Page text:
Earlier on Friday, RedState brought you the disturbing story of recent comments twice-failed candidate for president Hillary Clinton made about supporters of former president and current GOP candidate for president, Donald Trump.
To quickly recap, during an interview Thursday with left-wing CNN host Christiane Amanpour, Clinton was asked about a way forward for so-called bipartisanship in Congress.
She responded by saying that while there were some “sane” Republicans who had demonstrated a willingness to work with Democrats, things were a far cry from how they allegedly used to be when “we had very strong partisans in both parties in the past and we had very bitter battles” but were supposedly able to work together.
She went on to bemoan the “little tail of extremism” she says exists in the modern Republican party, and made an eye-opening call for a “formal deprogramming of the [MAGA] cult members.”
And she didn’t laugh afterward as though she was joking. Amanpour did, though. Watch:
On CNBC’s “Squawk Box” Friday, 2024 GOP presidential candidate and Florida Gov. Ron DeSantis was asked about Clinton’s remarks. In response, DeSantis stated that he “rejected” what Clinton said wholeheartedly, noting that Trump supporters “were patriotic Americans who wanted to see the country do well,” and that they weren’t cultists.
Though he indicated he understood that there would be some who would always stick with Trump, DeSantis also pointed out that some who were in the Trump camp were simply people who “appreciated what he did” when he was president but who also understood that he has “limitations in terms of his electability.” Afterward, DeSantis listed off what he says was Trump’s failure to deliver on some of his “core promises”:
Most Republicans “appreciate” what Trump did but “also understand that he’s got limitations in terms of his electability. He would be a lame duck on day one if he could even get elected. I think he’d have major problems with personnel. And of course he didn’t deliver on his core promises to drain the swamp, to have Mexico pay for the border wall, or to eliminate the debt. He added $7.8 trillion to the debt.
I think this is the right tone and tenor for DeSantis to take, not just because he knows he needs some of those voters but also because it’s a true statement.
In my opinion, conservatives (myself included) can sometimes get too focused on the goings-on of the Very Online Right hardliners and their influencers, either ignoring or forgetting in the process that most Americans don’t care much about the online political wars and are open to listening to what all of the candidates say, not just their favorites, especially this early on in the process.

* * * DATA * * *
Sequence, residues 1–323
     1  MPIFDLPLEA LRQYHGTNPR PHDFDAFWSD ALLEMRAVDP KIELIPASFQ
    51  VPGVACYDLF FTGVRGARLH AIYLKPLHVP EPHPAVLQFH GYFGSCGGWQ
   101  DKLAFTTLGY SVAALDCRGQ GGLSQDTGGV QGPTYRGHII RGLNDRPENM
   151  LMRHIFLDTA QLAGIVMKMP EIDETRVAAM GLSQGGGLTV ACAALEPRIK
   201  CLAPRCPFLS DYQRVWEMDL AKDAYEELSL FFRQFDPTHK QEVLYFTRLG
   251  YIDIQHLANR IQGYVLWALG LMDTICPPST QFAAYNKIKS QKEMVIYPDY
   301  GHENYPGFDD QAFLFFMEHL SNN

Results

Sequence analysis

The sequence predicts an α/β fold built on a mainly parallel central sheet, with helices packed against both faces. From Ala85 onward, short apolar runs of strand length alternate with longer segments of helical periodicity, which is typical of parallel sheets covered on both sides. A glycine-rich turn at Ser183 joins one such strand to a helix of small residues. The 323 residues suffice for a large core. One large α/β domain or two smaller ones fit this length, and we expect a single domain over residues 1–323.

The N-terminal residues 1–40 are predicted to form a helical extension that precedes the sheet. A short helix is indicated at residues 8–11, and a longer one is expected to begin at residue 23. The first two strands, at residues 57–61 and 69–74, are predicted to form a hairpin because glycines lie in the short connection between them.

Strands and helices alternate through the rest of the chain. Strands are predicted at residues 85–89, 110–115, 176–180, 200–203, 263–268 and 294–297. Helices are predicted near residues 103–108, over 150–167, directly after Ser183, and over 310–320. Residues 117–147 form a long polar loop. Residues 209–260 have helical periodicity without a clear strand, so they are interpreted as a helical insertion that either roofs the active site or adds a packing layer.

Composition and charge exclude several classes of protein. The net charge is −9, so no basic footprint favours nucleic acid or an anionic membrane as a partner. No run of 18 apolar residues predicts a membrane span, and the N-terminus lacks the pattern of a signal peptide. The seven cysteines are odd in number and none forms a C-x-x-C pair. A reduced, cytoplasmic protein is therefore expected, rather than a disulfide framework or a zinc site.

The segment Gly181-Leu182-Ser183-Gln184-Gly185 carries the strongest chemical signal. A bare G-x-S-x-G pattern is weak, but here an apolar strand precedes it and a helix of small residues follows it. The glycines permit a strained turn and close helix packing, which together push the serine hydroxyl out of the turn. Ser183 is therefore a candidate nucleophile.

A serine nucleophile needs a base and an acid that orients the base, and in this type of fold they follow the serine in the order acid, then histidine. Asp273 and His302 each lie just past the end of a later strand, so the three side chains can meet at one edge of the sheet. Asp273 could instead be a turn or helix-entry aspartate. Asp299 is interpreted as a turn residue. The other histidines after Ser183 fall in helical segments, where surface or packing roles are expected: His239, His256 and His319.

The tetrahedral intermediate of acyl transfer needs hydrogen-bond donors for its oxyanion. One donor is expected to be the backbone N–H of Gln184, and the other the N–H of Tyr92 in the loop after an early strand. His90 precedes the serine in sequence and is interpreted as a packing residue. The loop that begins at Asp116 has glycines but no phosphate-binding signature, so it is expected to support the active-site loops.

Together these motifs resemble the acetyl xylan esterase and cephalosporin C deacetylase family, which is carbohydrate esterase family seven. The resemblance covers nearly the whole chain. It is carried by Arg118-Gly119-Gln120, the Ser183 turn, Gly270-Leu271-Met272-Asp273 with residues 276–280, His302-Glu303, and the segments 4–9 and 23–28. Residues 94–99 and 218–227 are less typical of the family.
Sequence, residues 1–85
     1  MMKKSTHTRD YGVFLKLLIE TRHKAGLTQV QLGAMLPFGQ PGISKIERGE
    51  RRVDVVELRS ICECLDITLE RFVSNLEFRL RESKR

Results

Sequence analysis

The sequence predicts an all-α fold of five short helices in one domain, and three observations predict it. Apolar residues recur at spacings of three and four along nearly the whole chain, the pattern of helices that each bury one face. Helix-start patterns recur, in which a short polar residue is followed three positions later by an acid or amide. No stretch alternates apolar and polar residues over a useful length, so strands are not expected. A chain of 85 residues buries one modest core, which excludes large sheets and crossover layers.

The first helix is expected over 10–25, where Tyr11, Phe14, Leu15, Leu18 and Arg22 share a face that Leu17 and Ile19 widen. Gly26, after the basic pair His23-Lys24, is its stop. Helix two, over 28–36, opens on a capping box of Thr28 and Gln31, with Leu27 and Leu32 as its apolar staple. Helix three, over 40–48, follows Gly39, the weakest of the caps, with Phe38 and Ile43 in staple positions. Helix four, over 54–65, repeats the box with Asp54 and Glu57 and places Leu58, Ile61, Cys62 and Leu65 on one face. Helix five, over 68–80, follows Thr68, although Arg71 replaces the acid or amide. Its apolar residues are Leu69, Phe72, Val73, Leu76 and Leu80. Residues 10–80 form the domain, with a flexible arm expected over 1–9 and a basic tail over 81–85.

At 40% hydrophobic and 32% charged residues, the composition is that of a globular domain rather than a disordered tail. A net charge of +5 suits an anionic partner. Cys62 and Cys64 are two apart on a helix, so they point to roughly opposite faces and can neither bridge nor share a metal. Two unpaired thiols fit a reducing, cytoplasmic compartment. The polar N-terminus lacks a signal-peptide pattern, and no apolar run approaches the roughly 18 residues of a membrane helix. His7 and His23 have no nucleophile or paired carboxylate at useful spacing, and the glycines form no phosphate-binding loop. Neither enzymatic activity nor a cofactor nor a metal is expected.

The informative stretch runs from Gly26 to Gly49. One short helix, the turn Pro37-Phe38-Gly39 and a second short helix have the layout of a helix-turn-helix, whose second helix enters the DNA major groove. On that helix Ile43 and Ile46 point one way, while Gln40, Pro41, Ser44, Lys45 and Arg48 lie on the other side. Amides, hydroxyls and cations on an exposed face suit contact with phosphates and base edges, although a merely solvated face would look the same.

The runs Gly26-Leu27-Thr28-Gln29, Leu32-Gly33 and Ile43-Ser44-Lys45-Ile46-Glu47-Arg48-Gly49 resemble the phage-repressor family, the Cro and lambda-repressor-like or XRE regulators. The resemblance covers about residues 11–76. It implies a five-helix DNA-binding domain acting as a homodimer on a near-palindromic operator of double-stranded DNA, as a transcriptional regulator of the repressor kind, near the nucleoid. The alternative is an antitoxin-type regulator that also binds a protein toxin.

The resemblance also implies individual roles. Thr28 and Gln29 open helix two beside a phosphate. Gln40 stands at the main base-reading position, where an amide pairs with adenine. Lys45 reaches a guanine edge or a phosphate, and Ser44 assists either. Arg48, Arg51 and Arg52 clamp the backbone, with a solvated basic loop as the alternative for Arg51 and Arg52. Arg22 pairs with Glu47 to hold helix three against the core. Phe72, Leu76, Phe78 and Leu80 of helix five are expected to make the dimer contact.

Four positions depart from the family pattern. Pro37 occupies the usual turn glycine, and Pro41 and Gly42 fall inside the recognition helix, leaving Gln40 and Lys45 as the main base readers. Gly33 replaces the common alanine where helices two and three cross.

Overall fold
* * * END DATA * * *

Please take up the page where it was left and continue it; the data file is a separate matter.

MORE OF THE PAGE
I remember, in 2016 and 2020, hearing people talk about “right-wing extremist” Trump Republicans and then recalling that I had many family members, offline and online friends, and colleagues who supported him but who weren’t anywhere close to fitting the cult-like caricatures that had been painted of them. They just wanted what was best for the country and were sick of promises made by past Republican leaders (in Congress and the White House) that weren’t kept.
Those same people were also big fans of DeSantis and though some of them are sticking by Trump now, others are paying attention to what the other candidates are saying and doing, including DeSantis, because they are interested in seeing a new face represent the GOP in the White House.
Eventually, a nominee is going to be chosen by voters and the party will be going forward with that person in hopes they can defeat the Democrat war machine that, each and every election cycle, is aided and abetted by the MSM. This is why I cringe when primary seasons roll around because Republican voters and the candidates themselves sometimes forget that we all have more in common than we realize, that we’re on the same page on most issues but just disagree on the best way to get there.
While there’s nothing wrong with disagreement, the levels it gets taken to in the primaries are increasingly unhealthy in my view, especially when there are candidates and supporters (and media figures, of course) who are not arguing in good faith. This leads to a lot of bitterness after the convention is over and concern that there won’t be a coalescing around whoever the nominee is, which makes it more challenging to finish first come election time.
In any event, props to DeSantis for handling the question the way he did. I’m not so sure some of the others would have done the same but then again, DeSantis hasn’t gotten where he is by not being able to read the room. He reads it well, and knows we’ll need all hands on deck post-Republican National Convention — no matter who the nominee is.